It’s only been a little over seven months since ASUS launched its ROG Phone 3 gaming smartphone, but the company is already releasing a follow-up model to join Qualcomm’s Snapdragon 888 party. The latest series is dubbed ROG Phone 5 (skipping the “4” due to tetraphobia; you obviously don’t want to associate gaming with death), and while it may appear to merely don some minor cosmetic changes, the innards have been completely revamped for better heat dissipation, weight distribution and audio performance. As a bonus, there’s also a Pro model plus a limited edition ROG Phone 5 Ultimate, with the latter boasting a whopping 18GB of RAM.
Gallery: ASUS ROG Phone 5 and 5 Ultimate hands-on | 14 Photos
Gallery: ASUS ROG Phone 5 and 5 Ultimate hands-on | 14 Photos
Let’s get the basics out of the way first. In addition to the processor, all three models share the same 6.78-inch Samsung E4 AMOLED display, which packs the same 144Hz refresh rate as before (so Nubia wins this round with 165Hz), but with a slightly taller 2,448 x 1,080 resolution and a slightly faster 300Hz touch sampling rate — giving you an edge over other gamers in terms of responsiveness and accuracy. For those who are wondering, ASUS says there are now over 200 games that support 144Hz refresh rate, with titles including Rockman X Dive, Dead Cells, Shadowgun Legends and more.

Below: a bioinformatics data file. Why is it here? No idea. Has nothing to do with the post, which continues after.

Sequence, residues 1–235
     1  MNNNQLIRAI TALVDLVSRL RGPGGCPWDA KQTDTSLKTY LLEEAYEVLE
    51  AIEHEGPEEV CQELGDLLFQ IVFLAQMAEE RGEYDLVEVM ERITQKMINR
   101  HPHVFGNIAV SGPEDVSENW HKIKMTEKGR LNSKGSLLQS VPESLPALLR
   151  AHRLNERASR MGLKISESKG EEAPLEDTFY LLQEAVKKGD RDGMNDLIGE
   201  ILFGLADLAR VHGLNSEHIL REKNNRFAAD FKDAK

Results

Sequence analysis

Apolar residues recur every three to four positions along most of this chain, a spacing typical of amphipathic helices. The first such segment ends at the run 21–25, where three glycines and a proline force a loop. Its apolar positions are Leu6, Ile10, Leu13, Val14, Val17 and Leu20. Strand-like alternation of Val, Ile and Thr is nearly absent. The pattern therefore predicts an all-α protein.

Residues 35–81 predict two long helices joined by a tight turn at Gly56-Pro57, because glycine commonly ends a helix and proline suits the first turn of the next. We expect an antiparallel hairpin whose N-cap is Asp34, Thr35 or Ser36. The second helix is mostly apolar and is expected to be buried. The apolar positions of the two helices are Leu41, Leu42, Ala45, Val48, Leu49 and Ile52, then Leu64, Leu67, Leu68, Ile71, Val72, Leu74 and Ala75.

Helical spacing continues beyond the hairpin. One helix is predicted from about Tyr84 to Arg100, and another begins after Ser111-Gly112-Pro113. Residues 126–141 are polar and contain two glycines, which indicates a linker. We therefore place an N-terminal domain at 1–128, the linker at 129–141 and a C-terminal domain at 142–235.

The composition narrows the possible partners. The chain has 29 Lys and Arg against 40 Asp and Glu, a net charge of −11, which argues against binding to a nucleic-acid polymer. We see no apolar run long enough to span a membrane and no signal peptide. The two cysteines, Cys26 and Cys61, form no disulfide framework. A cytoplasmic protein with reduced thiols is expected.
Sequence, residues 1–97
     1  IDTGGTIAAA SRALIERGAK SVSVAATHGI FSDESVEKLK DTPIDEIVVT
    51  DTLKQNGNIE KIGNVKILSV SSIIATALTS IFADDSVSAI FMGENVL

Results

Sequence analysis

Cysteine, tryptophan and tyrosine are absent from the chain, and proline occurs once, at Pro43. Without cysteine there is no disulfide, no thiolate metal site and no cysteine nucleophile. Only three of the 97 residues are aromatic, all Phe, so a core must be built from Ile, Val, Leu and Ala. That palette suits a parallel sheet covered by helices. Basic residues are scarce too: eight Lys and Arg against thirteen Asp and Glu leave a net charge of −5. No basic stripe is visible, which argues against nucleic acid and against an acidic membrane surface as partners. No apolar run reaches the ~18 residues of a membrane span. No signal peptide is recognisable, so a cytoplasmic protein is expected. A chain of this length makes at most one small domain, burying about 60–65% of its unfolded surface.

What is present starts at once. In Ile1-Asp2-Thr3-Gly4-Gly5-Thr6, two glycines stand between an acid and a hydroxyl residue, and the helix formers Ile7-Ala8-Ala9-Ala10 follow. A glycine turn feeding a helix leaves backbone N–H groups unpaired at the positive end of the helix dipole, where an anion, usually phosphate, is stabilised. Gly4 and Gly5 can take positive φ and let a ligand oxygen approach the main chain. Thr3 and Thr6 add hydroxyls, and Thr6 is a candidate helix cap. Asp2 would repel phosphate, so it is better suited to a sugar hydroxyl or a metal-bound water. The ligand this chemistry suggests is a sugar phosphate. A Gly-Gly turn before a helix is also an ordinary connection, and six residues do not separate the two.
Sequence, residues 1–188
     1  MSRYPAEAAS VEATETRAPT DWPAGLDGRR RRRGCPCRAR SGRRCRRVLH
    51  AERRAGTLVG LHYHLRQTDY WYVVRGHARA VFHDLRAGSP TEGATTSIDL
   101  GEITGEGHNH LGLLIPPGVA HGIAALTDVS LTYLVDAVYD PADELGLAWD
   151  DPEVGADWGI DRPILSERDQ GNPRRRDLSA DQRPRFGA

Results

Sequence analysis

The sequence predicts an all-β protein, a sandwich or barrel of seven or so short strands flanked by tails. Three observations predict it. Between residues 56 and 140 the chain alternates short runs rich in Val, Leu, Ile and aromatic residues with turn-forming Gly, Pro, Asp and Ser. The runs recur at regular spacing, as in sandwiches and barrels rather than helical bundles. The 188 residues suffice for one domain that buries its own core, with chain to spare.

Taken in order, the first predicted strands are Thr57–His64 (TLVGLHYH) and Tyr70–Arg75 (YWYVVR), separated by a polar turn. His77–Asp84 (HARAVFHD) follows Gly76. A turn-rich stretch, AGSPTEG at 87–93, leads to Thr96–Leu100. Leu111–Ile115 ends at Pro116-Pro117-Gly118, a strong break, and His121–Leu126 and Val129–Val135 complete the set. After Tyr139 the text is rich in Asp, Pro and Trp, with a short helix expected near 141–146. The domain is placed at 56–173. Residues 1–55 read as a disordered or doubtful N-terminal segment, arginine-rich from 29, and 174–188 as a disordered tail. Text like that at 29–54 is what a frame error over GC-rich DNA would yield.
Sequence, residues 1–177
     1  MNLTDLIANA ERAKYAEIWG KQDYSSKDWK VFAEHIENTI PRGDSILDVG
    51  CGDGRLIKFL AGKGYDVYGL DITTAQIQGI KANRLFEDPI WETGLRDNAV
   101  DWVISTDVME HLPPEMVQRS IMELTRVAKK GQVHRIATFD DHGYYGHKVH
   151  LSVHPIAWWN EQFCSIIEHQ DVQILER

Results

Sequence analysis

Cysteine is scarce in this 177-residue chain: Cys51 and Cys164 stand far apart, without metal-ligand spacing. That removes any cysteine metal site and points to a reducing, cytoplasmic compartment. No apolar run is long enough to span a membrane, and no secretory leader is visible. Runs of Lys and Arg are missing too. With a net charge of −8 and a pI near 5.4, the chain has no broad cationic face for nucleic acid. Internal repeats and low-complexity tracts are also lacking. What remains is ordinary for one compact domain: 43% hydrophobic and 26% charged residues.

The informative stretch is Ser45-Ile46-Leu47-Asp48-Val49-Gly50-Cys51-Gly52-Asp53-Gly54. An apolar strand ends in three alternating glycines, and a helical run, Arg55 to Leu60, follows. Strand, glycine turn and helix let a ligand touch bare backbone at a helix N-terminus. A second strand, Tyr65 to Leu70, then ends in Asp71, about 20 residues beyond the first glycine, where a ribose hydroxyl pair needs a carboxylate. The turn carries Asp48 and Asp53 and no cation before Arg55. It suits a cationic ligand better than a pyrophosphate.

ASUS claims this panel is also 23 percent brighter (up to 800 nits across the entire panel), while pushing the dimmest setting to 5 nits with minimal distortion — the latter making a notable difference in the dark areas in videos. It’s also rated with a wide 111-percent DCI-P3 gamut, 150.89-percent sRGB gamut, Delta-E of <1 accuracy and HDR10+ support. And yes, there’s still an optical in-display fingerprint reader here.
As much as I enjoy the display improvements, it wasn’t until I started a game of PUBG that I noticed this screen has rounder corners than before, which cut off some info and buttons. Luckily, I could go into the game’s graphics settings and tweak the “non-standard screens” parameter, but this may become a problem for other titles that lack such option.